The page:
Wednesday, December 24, 2014

Looking for a warm Christmas message? Then don't read this

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It's Christmas eve and I'm exhausted.

I have decorated inside and out. 

I have shopped and shopped and then wondered if I forgot anyone. 

I have spent too much money. I have shrugged when my husband said it wasn't enough and then laughed when he blanched at the resulting register receipt. (What can I say, he's a generous guy :) 

I have wrapped and wrapped. And wrapped some more. 

I have vacuumed needles. I have hosted dinner. I have washed dishes.  

I have arranged sitters for the dogs and had them groomed (the dogs, not the sitters) so they won't stink up my in-law's house. 

I have negotiated schedules and commiserated with others who also have too many places to be in too little time. 

And I still feel like I haven't done enough.

So now it's Christmas eve. It's pouring and nasty outside. 

Am I finally enjoying it all? Am I sitting on the couch in front of the fire watching "It's a Wonderful Life" and sipping cocoa with the glow of the lighted tree behind me?

No, I'm sitting at work in a concrete building with two computers and fluorescent lighting and a couple of guys who relied on me to open the office today. 

But I'm not complaining.

It's peaceful here. It's quiet. I'm getting some work done before the holidays. (Well, not right this second, but think of this as my non-smoke break....) I have coffee with eggnog in my thermos. (Yes, I am a woman who carries a thermos. Of coffee. With eggnog. It rocks.)

Here, no one is asking me any questions. There is nothing for me to cook, nothing for me to clean, nothing for me to wrap. No one expects anything except for me to sit quietly at my desk and do my job and crack an occasional joke. And I'm thankful to have a job. 

There was a time when I couldn't imagine working on Christmas eve. Christmas was my favorite holiday. I was like a female version of Will Ferrell in Elf. Christmas was sweet and swirly and fluffy. It was magical.

Then I realized it isn't so sweet or magical for a lot of people.

A lot of people have no families or homes or presents or food. A lot of people have nowhere to go. A lot of people have no idea what peace or goodwill even mean.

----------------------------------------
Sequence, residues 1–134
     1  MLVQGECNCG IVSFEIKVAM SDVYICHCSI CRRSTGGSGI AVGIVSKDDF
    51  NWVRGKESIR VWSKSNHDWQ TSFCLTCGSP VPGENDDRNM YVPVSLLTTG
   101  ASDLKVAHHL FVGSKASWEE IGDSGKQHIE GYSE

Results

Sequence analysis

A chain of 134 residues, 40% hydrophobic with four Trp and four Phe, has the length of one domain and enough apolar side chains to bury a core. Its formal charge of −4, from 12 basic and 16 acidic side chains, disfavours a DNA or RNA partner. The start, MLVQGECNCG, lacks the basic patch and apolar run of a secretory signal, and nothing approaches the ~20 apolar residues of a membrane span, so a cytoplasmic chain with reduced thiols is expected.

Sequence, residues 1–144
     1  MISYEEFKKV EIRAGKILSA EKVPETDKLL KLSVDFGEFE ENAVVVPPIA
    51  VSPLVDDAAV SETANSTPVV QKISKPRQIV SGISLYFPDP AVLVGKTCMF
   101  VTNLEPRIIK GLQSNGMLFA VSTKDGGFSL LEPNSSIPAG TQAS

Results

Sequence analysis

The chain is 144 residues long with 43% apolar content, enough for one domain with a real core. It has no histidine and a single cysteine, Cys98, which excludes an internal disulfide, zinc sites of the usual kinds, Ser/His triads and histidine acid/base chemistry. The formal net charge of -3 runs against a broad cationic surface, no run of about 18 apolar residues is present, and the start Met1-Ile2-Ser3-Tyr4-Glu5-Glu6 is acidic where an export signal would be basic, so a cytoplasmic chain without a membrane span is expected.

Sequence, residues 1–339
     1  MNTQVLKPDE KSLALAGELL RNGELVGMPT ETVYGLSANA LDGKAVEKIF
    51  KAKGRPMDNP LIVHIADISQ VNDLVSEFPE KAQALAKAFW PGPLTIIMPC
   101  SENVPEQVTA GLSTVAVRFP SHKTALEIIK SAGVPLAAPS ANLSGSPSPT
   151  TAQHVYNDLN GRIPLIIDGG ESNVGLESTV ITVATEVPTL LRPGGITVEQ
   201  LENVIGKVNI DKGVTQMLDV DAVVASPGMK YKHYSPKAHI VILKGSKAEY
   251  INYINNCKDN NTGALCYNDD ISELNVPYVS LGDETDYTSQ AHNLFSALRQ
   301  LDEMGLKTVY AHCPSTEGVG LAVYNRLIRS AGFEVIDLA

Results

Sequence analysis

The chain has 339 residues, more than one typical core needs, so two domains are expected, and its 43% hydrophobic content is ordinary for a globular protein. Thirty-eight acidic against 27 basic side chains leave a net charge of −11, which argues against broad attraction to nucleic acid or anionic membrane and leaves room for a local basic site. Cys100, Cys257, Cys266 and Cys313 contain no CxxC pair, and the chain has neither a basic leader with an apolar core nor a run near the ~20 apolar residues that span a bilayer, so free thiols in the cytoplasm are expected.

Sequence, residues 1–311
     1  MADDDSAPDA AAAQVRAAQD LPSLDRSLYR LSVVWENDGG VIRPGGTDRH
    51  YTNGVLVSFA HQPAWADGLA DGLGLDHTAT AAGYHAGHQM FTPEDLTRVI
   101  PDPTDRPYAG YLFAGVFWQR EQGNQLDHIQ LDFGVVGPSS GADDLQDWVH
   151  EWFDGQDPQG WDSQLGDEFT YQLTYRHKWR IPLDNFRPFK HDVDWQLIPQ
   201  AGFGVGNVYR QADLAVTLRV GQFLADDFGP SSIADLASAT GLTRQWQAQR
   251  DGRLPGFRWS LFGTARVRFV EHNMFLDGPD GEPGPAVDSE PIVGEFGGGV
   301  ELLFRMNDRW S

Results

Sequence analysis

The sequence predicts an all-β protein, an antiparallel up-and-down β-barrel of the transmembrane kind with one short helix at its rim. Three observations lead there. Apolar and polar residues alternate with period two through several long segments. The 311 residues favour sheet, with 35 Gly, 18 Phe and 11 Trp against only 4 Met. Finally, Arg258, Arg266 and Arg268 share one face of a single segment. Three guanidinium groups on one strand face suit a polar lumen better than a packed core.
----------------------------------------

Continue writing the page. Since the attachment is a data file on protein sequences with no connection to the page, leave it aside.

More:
For a lot of people, Christmas is a time when they have to work extra hours to sell stuff to people who want things fast, cheap and convenient and who aren't really all that concerned how that happens or who has to sacrifice for it.

For even more people, Christmas is not a holiday, just a picture on a package of lights or ornaments or decorations that they have spent 12 hours working to make while being paid slave wages in a foreign country. (I often wonder what they think of Americans/Christians as they make the crap we buy for cheap in our stores.)

And for a few people, Christmas is not a holiday either, just an opportunity to sit fat and happy while they make money on the backs of the rest of us.

Let's just agree that - for most people in the world, even many Americans/Christians - Jesus is definitely not the reason for the season. Even if their bumper stickers say it is. Putting up manger scenes and singing "Silent Night" doesn't make it so.

But maybe giving does.

The Bible doesn't spend a whole lot of time talking about the birth of the man named Jesus. Only two gospels include it in the narrative. The early church didn't celebrate it much if at all.

But they did celebrate giving. Giving what they had to the poor. Sharing their possessions. Taking care of the widows and orphans. Touching sick people to bring about healing. Visiting prisoners. Paying other people's debts, the way Christians believe God gave himself to pay ours.

This video is Christmas to me. It wasn't meant to be. There is no tinsel, no manger scene. There's no mention of a divine being. It isn't even in English. (What?!?) But the spirit of this story - like millions of others around the world - reminds me of why we celebrate what we call Christmas.

Paying someone else's debt and giving them a little of what you have can make all the difference in the world. All. The. Difference. In. The. World., And - surprise, surprise - that concept crosses boundaries and faiths and cultures.

You don't have to be a Christian to enjoy a season of giving, to think that doing good for other people is something worth celebrating any time of year.

But if you ARE a Christian and Christmas is your holiday, then you should darned well act like giving - real giving - is the very center of what Christmas is all about. It's the only way that Christmas is good news. Otherwise, to quote "Miracle on 34th Street," Jesus is just a nice man with whiskers and this holiday is just a shiny excuse to overeat and spend too much money.

Speaking of giving a little what you have, even that can be tricky. Poor Little Drummer Boy...

Have a safe and happy Christmas <3

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